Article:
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Accountability in military education

Tomorrow, April 27th, I will join the President and First Lady at Fort Stewart, Georgia, where he will sign an Executive Order directing the Departments of Education, Defense, and Veterans Affairs, in consultation with the Consumer Financial Protection Bureau (CFPB), to take steps to ensure that servicemembers, veterans and their families can get the information they need about the schools where they spend their education benefits. His directive also strengthens oversight and accountability of the schools that offer educational programs to the military.

I applaud this effort to see that servicemembers, veterans, and their families get the most “bang for their buck” when they use their educational benefits. During the past year I’ve traveled to military installations in 15 states and spoken to active-duty, National Guard, and Reserve military members and their families. I’ve also met with veterans and their families, as well as those who advocate for them. One issue that has come up repeatedly in my conversations with them is the challenge of making an informed decision on where to use GI Bill and Military Tuition Assistance benefits. How do they find a quality school that will charge them a fair price, provide adequate support, and set them up for success after graduation without a mountain of student loan debt holding them back?

Too often the schools being selected are for-profit institutions more notable for their slick marketing than for their academic credentials and sound value, much less the gainful employment history of their graduates. Here are just a few stories I’ve heard on my travels:

  • An active-duty military spouse at Fort Campbell, Kentucky, was under the impression she was attending a “military-affiliated college” (she wasn’t; it was a for-profit school with no official military status). After she filled out an interest form she was called 10-15 times a day until she enrolled. When she had trouble logging on to her online class, she couldn’t get anyone from the college to help her. She failed the class due to lack of access but was charged the full fee.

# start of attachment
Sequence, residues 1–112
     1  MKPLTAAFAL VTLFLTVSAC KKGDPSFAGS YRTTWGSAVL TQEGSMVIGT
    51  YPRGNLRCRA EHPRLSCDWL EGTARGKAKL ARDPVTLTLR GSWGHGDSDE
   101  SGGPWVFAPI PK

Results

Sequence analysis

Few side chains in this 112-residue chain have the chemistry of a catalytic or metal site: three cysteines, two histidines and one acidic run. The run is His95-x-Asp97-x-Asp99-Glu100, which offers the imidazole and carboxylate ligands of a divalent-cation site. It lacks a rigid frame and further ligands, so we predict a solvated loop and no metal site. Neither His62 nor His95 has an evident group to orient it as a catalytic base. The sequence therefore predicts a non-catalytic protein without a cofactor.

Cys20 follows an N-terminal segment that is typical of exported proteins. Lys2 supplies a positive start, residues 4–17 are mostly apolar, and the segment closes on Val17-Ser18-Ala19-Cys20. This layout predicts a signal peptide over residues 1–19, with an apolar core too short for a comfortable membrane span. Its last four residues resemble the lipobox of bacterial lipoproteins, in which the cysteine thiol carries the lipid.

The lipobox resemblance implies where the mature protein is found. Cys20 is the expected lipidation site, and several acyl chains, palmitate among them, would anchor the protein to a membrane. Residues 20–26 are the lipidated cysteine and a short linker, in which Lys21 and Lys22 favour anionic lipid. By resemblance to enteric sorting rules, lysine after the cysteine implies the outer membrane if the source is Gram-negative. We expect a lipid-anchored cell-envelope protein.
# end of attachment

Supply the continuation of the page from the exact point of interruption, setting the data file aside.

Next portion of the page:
• National Guard education officers in Ohio and North Carolina told me they are besieged by for-profit colleges desiring access to the troops. They noted that if they hold a job fair, over half the tables may be for-profit colleges, and that servicemembers may see a school’s presence at a job fair as an implied promise that you will get a job if you graduate from that school.
  • A veteran at a forum I attended in Chicago, Illinois, had used up her benefits and incurred $100,000 in student loan debt for Bachelor’s and Master’s degrees from a for-profit college, but was unable to find an employer who was interested in her degrees. She was still working at the same job she had before she went to college.

The CFPB has been working on military education issues. This month at we began testing a new online tool, the Financial Aid Comparison Shopper, which includes a military benefits calculator, to help people compare options at different colleges, as well as see graduation and retention rates. We have set up a student loan complaint system, and my office reviews all complaints from servicemembers, veterans, and their families. And we’ve been coordinating with the Federal Trade Commission and the Departments of Justice, Education, Veterans Affairs, and Defense on military education issues.

It’s in everyone’s interest to see that military education dollars are well-spent. If they are, they will provide our country with educated veterans and family members who, like the World War II generation before them, can become the engine that drives our economy forward.

Holly Petraeus leads the Office of Servicemember Affairs at the Consumer Financial Protection Bureau. Last year, she wrote about the incentives that lead for-profit colleges to see servicemembers as “nothing more than dollar signs in uniforms.”

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